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Citing Alliance with Moscow, Sokhumi Mulls ‘Restrictive Measures’ Against Turkey
Civil Georgia, Tbilisi / 13 Jan.'16 / 11:59

Authorities in breakaway Abkhazia will compile list of restrictions they plan to introduce in economic and trade ties with Turkey as part of Sokhumi’s move to join Russia’s sanctions against Ankara.

The breakaway region’s Prime Minister Artur Mikvabia signed a decree on January 11 instructing ministries to propose for consideration before January 20 a list of specific measures – ranging from “strengthening control” over Turkish nonprofit entities operating in Abkhazia to banning import of some products from Turkey.

While most of the measures have to be elaborated by January 20, the decree has already banned hiring of Turkish companies or other entities “controlled” by Turkish citizens for implementing infrastructure projects carried out in Abkhazia with Russian aid funds.
The decree says that the move is pursuant to the treaty on alliance and strategic partnership between Russia and Abkhazia, which, among others, also envisages carrying out “coordinated” foreign policy.
The decision comes two weeks after Russian President’s aide Vladislav Surkov visited Sokhumi to press authorities there for “coordinated” actions amid Turkey-Russia tensions following downing of a Russian fighter jet by Turkey in November.
According to the decree, the breakaway region’s foreign ministry has to submit before January 20 to the government proposals to “strengthen control over interactions of the Abkhaz state entities, organizations and enterprises with entities under the jurisdiction of Turkey and/or organizations under control of Turkish citizens.”
The breakaway region’s justice ministry has been instructed “to submit before January 20, 2016 proposals on strengthening control over activities of those non-commercial organizations and entities, operating on the territory of Abkhazia, which are founded or managed by Turkish citizens, and/or organizations, which are under the Turkish jurisdiction and/or organizations controlled by the Turkish citizens.”

The economy and agriculture ministries, as well as the customs service have been instructed to submit before January 20 proposals on “temporary restrictive measures on import of certain products, produced in Turkey.”

Some Russian and Abkhaz sources estimate that trade with Turkey accounts for 18-20% of breakaway region’s total foreign trade turnover.

Turkey is destination of about 10% of Abkhaz exports; it exports mostly coal, fish and scrap metal.

According to the breakaway region’s deputy PM Dmitri Serikov, trade turnover between Abkhazia and Turkey amounted to 2.5 billion rubles (about USD 32.6 million as of Jan. 13) in the first ten months of 2015.

Serikov, who has been tasked with overseeing implementation of the PM’s decree, said that Abkhaz exports to Turkey will not be affected by planned restrictions, which will only apply to import of some products from Turkey.

Abkhazia imports mostly building materials, fuel, food and textile from Turkey.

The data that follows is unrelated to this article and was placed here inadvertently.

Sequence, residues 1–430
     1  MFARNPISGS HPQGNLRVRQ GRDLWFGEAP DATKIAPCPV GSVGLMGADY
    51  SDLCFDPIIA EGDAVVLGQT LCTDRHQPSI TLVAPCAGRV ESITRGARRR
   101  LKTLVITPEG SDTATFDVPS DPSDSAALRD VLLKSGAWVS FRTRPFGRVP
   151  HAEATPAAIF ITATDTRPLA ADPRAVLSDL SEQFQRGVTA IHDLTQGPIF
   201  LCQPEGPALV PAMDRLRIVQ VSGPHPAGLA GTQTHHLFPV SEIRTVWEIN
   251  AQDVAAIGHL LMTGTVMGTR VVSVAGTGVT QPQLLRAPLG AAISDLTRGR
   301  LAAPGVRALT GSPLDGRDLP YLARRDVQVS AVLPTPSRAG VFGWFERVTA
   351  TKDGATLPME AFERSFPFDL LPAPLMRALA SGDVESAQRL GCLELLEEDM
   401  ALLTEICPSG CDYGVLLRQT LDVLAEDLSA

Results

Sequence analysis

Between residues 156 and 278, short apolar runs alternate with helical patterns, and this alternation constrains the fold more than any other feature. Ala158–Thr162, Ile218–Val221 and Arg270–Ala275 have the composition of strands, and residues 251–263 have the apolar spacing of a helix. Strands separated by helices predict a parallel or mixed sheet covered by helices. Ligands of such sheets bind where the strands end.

“Proposals from the ministries will be discussed by the cabinet by January 20; proposed [restrictive measures] will either be approved or not only after consideration by the cabinet,” RFE/RL’s Russian-language Ekho Kavkaza reported on January 12 quoting Serikov.

He said that the economic interests of Abkhazia will be a priority while making decision on specific restrictive measures.

“No one is going to cut off the branch on which we sit,” deputy PM of the breakaway region said.

Some members of the breakaway region’s parliament, Ekho Kavkaza reported, have expressed concerns over government’s intention to impose restrictive measures, noting that it would affect businesses of those Turkish citizens in Abkhazia, who are representatives of Abkhaz diaspora in Turkey with whom Sokhumi tries to keep close ties.

Abkhaz MP Beslan Tsvinaria said that it was “a hasty decision”.

“We are not taking into consideration that our diaspora lives there [in Turkey],” he told Ekho Kavkaza. “This decision will hit first and foremost our diaspora. I think this is not right.”

Bloc of the Opposition Forces, which like the Abkhaz government condemned in November downing of a Russian fighter jet by Turkey, said in a statement on January 12 that the authorities should spare no effort in order to maintain ties with the Abkhaz diaspora in Turkey.

“Abkhazia is Russia’s strategic partner… Of course participation of the Turkish companies in construction of facilities financed through Russian assistance is inadmissible. At the same time we believe that the Abkhaz authorities should do everything in their power in order not to allow cutting ties of our diaspora in Turkey with their historic homeland as a result of sanctions,” reads the statement of Bloc of the Opposition Forces.

Turkish fishing vessels were actively involved in the fishery along the Abkhaz Black Sea coast. But in mid-December Russia’s federal fishing agency, Rosrybolovstvo, said that the Russian fishing vessels would launch fishery in the Abkhaz waters and would possibly also “replace” Turkish fishing vessels.

Economic activities in Abkhazia without authorization from the Georgian authorities represent violation of Georgia’s legislation, including the law on occupied territories. At least four Turkish vessels were detained by the Georgian coast guard in 2013 for unauthorized entry to breakaway Abkhazia; but no such cases of detention of Turkish vessels were reported since then.

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